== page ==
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Article
May 15, 1943

CONTINUOUS CAUDAL ANESTHESIA OR ANALGESIA: A CONSIDERATION OF THE TECHNIC, VARIOUS USES AND SOME POSSIBLE DANGERS

Author Affiliations

ROCHESTER, MINN.

From the Section on Anesthesia, Mayo Clinic.

JAMA. 1943;122(3):152-158. doi:10.1001/jama.1943.02840200008002
Abstract

To the many recent advances in the rapidly expanding field of anesthesiology, another new method has been added, namely continuous caudal anesthesia or analgesia. The method was introduced as a new means of producing obstetric anesthesia and analgesia but it also has possibilities as a method of anesthesia for certain surgical operations.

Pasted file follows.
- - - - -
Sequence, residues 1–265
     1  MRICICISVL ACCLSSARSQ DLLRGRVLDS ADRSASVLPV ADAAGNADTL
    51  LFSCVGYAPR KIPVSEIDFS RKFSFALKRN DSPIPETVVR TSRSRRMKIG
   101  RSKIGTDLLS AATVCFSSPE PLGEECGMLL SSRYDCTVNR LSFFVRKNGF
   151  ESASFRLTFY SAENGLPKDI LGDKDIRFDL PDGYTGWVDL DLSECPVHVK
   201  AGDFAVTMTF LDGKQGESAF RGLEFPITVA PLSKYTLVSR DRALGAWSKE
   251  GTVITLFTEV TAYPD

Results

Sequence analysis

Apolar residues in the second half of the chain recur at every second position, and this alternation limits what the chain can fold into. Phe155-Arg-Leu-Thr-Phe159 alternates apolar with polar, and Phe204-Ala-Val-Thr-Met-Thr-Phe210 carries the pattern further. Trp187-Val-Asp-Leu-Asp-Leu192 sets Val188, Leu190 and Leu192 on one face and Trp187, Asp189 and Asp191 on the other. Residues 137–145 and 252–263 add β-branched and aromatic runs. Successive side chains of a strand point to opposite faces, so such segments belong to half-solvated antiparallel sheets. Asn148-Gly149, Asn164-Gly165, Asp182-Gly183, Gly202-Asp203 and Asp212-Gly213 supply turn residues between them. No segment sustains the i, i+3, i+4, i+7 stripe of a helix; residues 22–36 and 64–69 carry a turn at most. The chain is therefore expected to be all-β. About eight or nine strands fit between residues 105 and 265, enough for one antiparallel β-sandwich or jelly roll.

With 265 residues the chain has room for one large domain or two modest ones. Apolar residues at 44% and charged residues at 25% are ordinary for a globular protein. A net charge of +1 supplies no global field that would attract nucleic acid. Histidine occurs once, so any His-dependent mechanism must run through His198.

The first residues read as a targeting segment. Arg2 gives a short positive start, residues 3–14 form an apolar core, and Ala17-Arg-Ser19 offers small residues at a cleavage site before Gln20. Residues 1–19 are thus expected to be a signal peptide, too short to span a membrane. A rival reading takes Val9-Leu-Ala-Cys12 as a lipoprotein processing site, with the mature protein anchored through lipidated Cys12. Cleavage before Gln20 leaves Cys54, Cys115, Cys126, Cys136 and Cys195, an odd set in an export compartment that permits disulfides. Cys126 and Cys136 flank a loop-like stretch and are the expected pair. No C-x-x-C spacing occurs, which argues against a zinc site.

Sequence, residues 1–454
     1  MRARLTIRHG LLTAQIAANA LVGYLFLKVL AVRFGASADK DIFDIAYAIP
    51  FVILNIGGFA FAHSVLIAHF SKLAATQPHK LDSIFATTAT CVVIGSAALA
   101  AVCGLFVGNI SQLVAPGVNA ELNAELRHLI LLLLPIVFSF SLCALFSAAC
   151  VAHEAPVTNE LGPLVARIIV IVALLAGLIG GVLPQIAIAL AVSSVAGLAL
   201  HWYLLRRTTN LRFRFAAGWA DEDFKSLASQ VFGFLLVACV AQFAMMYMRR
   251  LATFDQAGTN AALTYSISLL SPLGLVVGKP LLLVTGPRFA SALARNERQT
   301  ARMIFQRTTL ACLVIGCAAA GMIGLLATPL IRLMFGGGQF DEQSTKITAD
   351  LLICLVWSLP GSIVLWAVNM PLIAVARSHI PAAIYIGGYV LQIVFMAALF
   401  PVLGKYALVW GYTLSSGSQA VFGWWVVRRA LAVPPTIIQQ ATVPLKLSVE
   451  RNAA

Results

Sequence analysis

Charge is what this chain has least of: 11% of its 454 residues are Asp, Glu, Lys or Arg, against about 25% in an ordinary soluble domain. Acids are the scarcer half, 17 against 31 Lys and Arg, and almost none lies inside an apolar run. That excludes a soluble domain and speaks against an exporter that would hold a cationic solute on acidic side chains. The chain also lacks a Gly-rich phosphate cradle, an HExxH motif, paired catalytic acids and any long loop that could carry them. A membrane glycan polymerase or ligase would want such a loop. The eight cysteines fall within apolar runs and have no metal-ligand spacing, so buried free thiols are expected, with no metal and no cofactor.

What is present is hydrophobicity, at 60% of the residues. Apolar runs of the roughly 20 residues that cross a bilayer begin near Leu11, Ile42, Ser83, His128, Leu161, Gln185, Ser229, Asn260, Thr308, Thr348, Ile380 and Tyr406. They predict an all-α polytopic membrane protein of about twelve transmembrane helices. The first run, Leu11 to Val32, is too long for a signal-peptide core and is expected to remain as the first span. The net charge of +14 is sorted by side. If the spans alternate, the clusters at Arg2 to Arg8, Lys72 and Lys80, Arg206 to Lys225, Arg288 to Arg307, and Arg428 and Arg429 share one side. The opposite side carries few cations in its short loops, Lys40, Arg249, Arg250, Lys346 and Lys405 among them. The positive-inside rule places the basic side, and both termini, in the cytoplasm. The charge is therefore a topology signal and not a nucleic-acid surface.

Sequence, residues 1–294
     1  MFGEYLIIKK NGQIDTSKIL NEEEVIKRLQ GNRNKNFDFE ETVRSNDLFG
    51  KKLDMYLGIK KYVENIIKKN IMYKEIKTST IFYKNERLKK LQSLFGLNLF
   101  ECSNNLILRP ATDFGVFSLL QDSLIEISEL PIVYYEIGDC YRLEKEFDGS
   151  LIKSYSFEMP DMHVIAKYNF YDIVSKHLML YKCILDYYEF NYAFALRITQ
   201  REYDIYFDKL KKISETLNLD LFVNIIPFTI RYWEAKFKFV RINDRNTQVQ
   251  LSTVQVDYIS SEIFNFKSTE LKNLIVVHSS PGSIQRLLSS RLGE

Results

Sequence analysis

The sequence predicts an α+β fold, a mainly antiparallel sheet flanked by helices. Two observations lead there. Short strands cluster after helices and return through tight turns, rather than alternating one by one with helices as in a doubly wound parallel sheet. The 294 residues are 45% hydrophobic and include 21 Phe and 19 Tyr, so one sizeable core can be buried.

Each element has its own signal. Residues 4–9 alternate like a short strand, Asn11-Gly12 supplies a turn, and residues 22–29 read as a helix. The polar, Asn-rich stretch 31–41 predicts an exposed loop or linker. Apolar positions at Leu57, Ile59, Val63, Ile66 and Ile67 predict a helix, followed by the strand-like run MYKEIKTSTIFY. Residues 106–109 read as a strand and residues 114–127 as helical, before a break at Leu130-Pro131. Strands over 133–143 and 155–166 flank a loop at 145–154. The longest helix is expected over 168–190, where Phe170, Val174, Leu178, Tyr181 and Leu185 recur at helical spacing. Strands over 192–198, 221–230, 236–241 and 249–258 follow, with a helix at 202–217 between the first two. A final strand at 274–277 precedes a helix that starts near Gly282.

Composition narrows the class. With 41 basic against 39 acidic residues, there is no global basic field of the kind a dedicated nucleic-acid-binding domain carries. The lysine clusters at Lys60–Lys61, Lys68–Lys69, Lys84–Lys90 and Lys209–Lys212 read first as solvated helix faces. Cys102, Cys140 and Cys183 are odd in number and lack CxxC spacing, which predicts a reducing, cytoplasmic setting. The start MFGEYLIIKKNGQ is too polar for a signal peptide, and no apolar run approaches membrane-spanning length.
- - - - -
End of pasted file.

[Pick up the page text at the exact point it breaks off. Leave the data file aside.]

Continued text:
Throughout the ages, physicians have been attempting to arrive at a method of anesthesia which would render labor and delivery painless without increasing the hazard to either mother or child. Few, if any, of the methods heretofore developed have even remotely satisfied these three demands. There are certain indications which lead many physicians to believe that continuous caudal anesthesia will meet these demands in most cases. It is only natural that the apparent answer to such an important problem should create intense interest among both the medical profession and the public.1 Many successful results have been reported

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